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A $7.8bn Reason To Buy GlaxoSmithKline plc Today

GlaxoSmithKline (LSE: GSK) (NYSE: GSK.US) confirmed this morning that the three-part asset swap deal agreed with Novartis last year has completed.

For GlaxoSmithKline, this means net post-tax profits of $7.8bn — and the firm has confirmed that most of this will be returned to Glaxo shareholders, via a £4bn capital return scheme.

In my view, it’s good news all round and reinforces the buy case for GlaxoSmithKline, which I believe is currently a more attractive buy than its UK peer AstraZeneca.

Short-term cash

In the short term, Glaxo shareholders can look forward to an 82p per share capital return. The company confirmed today that this will take place via a B share scheme.

This means that  Glaxo will issue a special class of new shares to shareholders, and then repurchase those shares immediately, leaving each shareholder with a lump sum of cash in their broking accounts that will be treated, for tax purposes, as a capital gain.

At today’s share price, Glaxo shareholders should enjoy a total cash yield of nearly 11% on their shares in 2015, when the firm’s regular dividend is factored in.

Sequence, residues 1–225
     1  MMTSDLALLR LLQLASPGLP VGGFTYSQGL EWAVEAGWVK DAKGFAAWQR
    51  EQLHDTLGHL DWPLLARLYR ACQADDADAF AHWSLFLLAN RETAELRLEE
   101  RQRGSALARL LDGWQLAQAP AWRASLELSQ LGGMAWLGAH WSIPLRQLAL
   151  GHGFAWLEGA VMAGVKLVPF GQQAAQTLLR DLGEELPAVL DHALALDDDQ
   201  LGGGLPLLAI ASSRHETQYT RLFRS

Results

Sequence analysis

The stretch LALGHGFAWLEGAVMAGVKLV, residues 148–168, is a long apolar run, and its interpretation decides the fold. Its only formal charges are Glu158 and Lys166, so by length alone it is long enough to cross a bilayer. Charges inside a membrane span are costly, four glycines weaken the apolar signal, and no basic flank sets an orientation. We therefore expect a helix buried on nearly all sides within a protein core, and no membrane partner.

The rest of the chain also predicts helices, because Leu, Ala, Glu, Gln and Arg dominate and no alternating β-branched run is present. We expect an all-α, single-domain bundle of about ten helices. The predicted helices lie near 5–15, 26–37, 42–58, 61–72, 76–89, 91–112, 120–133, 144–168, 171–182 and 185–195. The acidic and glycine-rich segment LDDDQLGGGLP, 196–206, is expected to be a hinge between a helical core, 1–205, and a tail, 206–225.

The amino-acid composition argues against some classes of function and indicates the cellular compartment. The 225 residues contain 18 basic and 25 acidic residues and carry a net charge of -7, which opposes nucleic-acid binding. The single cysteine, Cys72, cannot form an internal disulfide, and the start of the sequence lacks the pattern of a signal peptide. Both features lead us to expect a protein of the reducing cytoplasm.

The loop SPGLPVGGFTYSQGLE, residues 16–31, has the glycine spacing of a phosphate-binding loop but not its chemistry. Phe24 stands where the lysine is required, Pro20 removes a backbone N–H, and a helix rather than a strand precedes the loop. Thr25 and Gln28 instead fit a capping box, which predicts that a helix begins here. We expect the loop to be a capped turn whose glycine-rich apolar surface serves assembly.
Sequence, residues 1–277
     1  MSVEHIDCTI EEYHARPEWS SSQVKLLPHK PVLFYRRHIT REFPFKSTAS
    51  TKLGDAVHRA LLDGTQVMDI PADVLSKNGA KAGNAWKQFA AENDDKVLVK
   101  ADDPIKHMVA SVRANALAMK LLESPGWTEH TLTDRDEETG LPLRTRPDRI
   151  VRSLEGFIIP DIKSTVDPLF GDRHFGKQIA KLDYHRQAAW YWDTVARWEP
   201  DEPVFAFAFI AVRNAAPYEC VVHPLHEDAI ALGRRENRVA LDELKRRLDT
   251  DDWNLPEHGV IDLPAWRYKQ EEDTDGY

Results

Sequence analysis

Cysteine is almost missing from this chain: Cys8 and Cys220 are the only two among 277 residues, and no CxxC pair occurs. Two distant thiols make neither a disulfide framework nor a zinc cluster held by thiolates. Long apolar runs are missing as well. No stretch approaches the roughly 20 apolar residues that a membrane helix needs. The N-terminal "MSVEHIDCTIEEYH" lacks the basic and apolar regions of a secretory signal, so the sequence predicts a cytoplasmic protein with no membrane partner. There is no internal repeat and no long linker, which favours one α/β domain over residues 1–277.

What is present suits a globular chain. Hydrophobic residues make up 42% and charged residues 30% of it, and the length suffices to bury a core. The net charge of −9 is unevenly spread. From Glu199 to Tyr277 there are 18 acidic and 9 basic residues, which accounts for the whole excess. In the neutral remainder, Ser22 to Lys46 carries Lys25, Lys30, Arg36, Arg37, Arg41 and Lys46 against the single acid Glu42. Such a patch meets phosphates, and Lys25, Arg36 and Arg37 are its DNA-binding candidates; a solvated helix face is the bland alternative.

Long-term growth

Glaxo’s transaction with Novartis has three strands, and is designed to strengthen both firms’ positions in their strongest markets.

Glaxo has locked in a big profit on its Oncology treatments by selling them to Novartis — a big player in Oncology — for $16bn.

Similarly, Novartis has sold its vaccine portfolio to GlaxoSmithKline, strengthening one of the British firm’s key divisions. Vaccine sales delivered a 35% operating margin last year, but sales were just £3.2bn from a total of £23bn. Adding a new range of vaccines should enable Glaxo to scale up sales of these very profitable products.

The final element of the deal was for Novartis and GlaxoSmithKline to combine their consumer healthcare divisions.

Among Glaxo’s current consumer healthcare brands are Panadol, NiQuitin, Aquafresh and Beechams. Novartis has a similar range of popular, strongly-branded products. Although profit margins are lower — around 15% — these products provide stable long-term income, as consumers tend to be very loyal to particular brands.

A pretty picture

Although GlaxoSmithKline shares are not obviously cheap, on a 2015 forecast P/E of 16.5, the firm’s 5% regular yield provides a good reason to hold.

I believe the completion of the Novartis deal positions the firm for a new cycle of growth, confirming Glaxo’s appeal as a long-term buy and hold stock.

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Roland Head owns shares in GlaxoSmithKline. The Motley Fool UK has recommended GlaxoSmithKline. We Fools don't all hold the same opinions, but we all believe that considering a diverse range of insights makes us better investors.